20.04.2020

Who cares? Feminist responses to the pandemic

The COVID-19 pandemic has a strong gender dimension. It is increasing women’s vulnerabilities and risks in their roles as workers and caregivers. Feminists in India have developed demands to address these issues now and beyond the crisis.

Photo: istock / D. Talukdar

Across Asia, women are being hit hard by the economic downturn caused by the COVID-19 pandemic. Lockdowns and partial shutdowns have dire implications across all strata of society. But informal workers are particularly hard hit, and the majority of those is composed of women, many of them heads of households. The loss of wages deprives those families of money they need for rent and daily necessities, exposing them to hunger, malnutrition and infection.

The pandemic has also exposed the key role of women’s unpaid care work for both the economy and society. In Asia, women already spend 4.1 times more of their time on unpaid care work than men. Men across the region spend on average one hour per day on unpaid care work, and just half an hour in India and Pakistan. Under lockdown conditions, in addition to childcare and household chores, women are now confronted with additional responsibilities such as home schooling, more intense care of the sick, and community care.

Furthermore, women who are juggling care responsibilities with the need to earn money are more likely to be self-employed, to work in the informal economy and to have no paid sick leave or other social protection.

 

Feminist recommendations – What will be left in the post-crisis economy?

The impact of the pandemic on global markets is destroying the livelihoods of women in vulnerable sectors around the world. For those who make it through, their ability to get back on track will be affected by gender, class and race.  

Feminists have long been demanding greater recognition of the contribution of women’s work to national income, economic growth, national efficiency and productivity. The urgency of this has been emerging with more force as the crisis unfolds. Research on previous pandemics such as Ebola have found a significant negative impact on women’s long-term health and economic vulnerability even after the crisis.

Civil society activits worldwide have been quick to raise their concerns, share resources online, call for solidarity and demand gender-responsive state policies to address the extraordinary challenges posed by the COVID-19 pandemic. UN Women in Asia and the Pacific took stock of the first 100 days of the COVID-19 outbreak in Asia-Pacific, and seeks to ensure that the world post-COVID is built on principles of human rights and gender equality.

The policy recommendations and demands are about inclusion of women and marginalized groups in all aspects of life, including groups particularly vulnerable in many Asian countries such as women migrant and informal workers. For example, special attention should be paid to the gender impact on digitalization and access to information and communication technology in light of the shift to online-education and remote work, which is problematic in the many parts of the region where the digital gender gap is wide. UN Women also recommends more sharing of emerging and good practices from the region to address the challenges.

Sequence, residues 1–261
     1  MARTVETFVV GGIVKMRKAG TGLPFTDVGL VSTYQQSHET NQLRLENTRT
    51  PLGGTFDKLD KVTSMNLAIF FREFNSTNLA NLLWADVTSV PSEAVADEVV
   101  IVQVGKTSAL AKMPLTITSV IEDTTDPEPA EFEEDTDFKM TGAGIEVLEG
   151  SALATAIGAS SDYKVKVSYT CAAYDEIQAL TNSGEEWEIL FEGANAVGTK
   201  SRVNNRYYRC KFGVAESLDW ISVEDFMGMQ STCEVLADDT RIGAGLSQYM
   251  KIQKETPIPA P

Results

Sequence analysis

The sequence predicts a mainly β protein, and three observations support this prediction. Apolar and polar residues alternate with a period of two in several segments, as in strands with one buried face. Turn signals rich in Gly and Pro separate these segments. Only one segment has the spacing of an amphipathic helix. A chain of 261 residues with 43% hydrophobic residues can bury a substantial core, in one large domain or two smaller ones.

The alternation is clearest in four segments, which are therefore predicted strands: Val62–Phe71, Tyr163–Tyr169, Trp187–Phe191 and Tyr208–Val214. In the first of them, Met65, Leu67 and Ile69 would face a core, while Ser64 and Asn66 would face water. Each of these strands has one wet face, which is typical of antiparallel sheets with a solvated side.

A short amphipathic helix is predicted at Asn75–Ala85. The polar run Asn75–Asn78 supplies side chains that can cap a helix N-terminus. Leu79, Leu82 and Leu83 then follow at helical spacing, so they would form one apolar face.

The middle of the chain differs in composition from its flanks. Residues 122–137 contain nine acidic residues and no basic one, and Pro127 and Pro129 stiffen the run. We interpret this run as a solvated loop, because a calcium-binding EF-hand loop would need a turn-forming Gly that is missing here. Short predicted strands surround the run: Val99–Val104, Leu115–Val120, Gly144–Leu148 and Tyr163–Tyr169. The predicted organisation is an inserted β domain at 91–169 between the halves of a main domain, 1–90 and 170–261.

Feminists to the rescue 

One example of women and feminist groups to engage in the crisis comes from India, where more than 300 groups have come together to demand specific interventions from state and non-state actors:

1.   Food security for informal sector daily wage workers, migrant population and women-headed households.

2.  Timely access to comprehensive sexual and reproductive health services, such as emergency contraception and safe abortion and supply of menstrual hygiene products. Staff to be trained to recognize signs of domestic violence.

3.     Barrier-free access to education ensured through the creation of educational radio programming appropriate for school-age children and expansion of free internet.

4.     Encouraging equitable sharing of domestic tasks in explicit terms and through allowances for time off and compensation for all workers.

5.     Access to emergency shelters, information and public health information in multiple languages.

6.     Access to water and sanitation.

7.   Provision of personal protective equipment (PPE) against infection for frontline health workers.

8.     Inclusion of women in COVID-19-related decision making of the front-line workers: doctors, nurses, sanitary staff, volunteers of NGOs who are risking their lives.

9.     Addressing of domestic violence during COVID-19 lockdown by providing active helplines and immediate intervention.

These measures and recommendations by feminists are not only stepping stones towards more gender equal and just societies, they are crucial for building future resilience of all parts of society for other emergencies and disasters to come.

 

 

Vibhuti Patel is a professor at the Advanced Centre for Women’s Studies, School of Development Studies, Tata Institute of Social Sciences, Mumbai. A team of the university, including Vibhuti herself, were part of the 300 groups in India who organized themselves online to formulate the recommendations.

Lea Goelnitz works as program manager with the Friedrich Ebert Foundation’s Office for Regional Cooperation in Asia and is heading the regional programms on feminism as well as on women and the future of work.

The views expressed in this blog series are not necessarily those of FES.

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